The second set offered much of the same except it was Nadal who had begun to settle into the match and find his groove to level the match up at 6-3.
The third set saw the rise and the fall of Rafael Nadal’s game. Both players exchanged service breaks and at 5-2 up the crowd thought it was curtains for Verdasco – but he had other things on his mind. Nadal began to mistime his shots and was occasionally hitting off the frame and that was when his nerves began to kick in. Verdasco struck some phenomenal shots and began to unleash his forehand which saw him level the match up and had the 6-5 advantage. Nadal continued to hit some untimely unforced errors and on his second match point, Verdasco dropped to his knees where he remained for several seconds lost in the moment of what he had just achieved.
Rafael Nadal was quick to attend the press conference after the match and naturally he was not happy with the result from the match:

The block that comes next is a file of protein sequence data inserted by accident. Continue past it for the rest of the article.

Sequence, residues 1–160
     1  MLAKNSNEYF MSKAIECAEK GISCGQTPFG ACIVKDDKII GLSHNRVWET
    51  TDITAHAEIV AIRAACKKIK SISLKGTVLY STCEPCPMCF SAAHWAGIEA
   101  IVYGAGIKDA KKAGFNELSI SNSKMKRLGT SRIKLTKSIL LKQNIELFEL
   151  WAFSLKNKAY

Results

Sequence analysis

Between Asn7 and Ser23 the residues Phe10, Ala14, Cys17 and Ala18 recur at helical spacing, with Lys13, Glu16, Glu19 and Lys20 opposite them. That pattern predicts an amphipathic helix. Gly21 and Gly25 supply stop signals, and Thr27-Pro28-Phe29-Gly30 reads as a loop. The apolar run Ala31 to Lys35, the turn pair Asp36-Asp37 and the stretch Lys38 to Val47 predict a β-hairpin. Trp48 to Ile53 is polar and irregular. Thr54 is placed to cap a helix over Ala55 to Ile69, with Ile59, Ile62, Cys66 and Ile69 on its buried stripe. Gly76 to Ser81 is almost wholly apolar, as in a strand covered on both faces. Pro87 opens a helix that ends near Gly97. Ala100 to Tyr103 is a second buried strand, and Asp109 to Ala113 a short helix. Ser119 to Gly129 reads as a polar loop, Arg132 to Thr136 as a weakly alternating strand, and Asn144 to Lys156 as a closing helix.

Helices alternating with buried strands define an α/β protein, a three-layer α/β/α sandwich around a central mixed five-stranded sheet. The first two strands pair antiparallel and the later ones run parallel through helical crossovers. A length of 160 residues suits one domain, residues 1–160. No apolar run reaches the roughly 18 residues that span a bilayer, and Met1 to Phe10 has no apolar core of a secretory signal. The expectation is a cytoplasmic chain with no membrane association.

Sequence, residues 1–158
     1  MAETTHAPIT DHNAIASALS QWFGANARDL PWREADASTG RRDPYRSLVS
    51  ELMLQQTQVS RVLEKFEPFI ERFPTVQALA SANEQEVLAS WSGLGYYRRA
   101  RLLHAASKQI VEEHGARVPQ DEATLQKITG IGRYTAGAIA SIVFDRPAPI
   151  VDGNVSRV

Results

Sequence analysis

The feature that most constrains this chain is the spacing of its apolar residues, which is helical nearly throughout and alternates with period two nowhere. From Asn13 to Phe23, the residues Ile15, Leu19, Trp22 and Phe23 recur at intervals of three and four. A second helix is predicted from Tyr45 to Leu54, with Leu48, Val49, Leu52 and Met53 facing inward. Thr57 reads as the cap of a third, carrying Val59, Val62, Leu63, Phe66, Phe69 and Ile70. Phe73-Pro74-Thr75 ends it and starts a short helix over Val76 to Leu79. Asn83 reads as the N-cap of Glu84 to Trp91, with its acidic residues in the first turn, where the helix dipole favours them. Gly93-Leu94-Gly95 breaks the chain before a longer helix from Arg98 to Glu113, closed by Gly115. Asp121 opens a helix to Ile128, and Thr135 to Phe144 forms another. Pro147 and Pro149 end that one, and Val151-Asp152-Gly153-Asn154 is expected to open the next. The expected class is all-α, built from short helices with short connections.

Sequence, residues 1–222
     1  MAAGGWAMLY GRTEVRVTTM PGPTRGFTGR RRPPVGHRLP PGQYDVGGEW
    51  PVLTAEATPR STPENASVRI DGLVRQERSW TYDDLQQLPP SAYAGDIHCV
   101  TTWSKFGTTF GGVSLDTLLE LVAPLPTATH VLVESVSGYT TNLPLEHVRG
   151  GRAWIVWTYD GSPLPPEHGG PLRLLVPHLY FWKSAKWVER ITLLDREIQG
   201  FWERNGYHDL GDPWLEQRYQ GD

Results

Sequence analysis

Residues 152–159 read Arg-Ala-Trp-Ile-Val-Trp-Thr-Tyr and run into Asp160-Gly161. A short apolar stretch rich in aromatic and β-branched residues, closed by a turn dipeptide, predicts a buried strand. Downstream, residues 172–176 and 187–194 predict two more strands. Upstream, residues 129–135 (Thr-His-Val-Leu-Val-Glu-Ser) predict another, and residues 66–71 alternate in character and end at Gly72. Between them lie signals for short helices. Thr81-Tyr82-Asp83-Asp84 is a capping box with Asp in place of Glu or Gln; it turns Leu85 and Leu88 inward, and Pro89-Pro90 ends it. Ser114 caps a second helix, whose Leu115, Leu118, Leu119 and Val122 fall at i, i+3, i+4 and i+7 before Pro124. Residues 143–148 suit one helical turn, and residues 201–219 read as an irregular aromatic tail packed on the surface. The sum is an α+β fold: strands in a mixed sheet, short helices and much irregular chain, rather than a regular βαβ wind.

“I lost today because I deserve to lose. I was at 5-2, I arrived at the moment to close the match and I didn’t know how to close it, I didn’t know how to do it. I made a big mistake with my match at 5-2. That’s what happened. He played better than me.”
When he was asked why he lost and whether it was due to the surface and his movement, Nadal looked confused and bluntly replied:
“Did you watch? Did you watch any of the matches? If you’re watching any of the matches… the answer is… “
It was clear that he was not sure how to answer the question and was then asked if he regrets playing on the surface:
“It’s the ATP and the tournament they can do what they want. I arrived here Thursday to prepare as best as I can for the tournament. I was not good enough to play and adapt my game to this court. If things continue like this I will be very sad and next year it will be one less tournament on my calendar.”
Later Nadal was questioned about his intentions for next year as to whether he was insinuating that he would not play:
“I’m not prepared to risk being here with injury. There are two options: They change it or… I’d like to play here but….”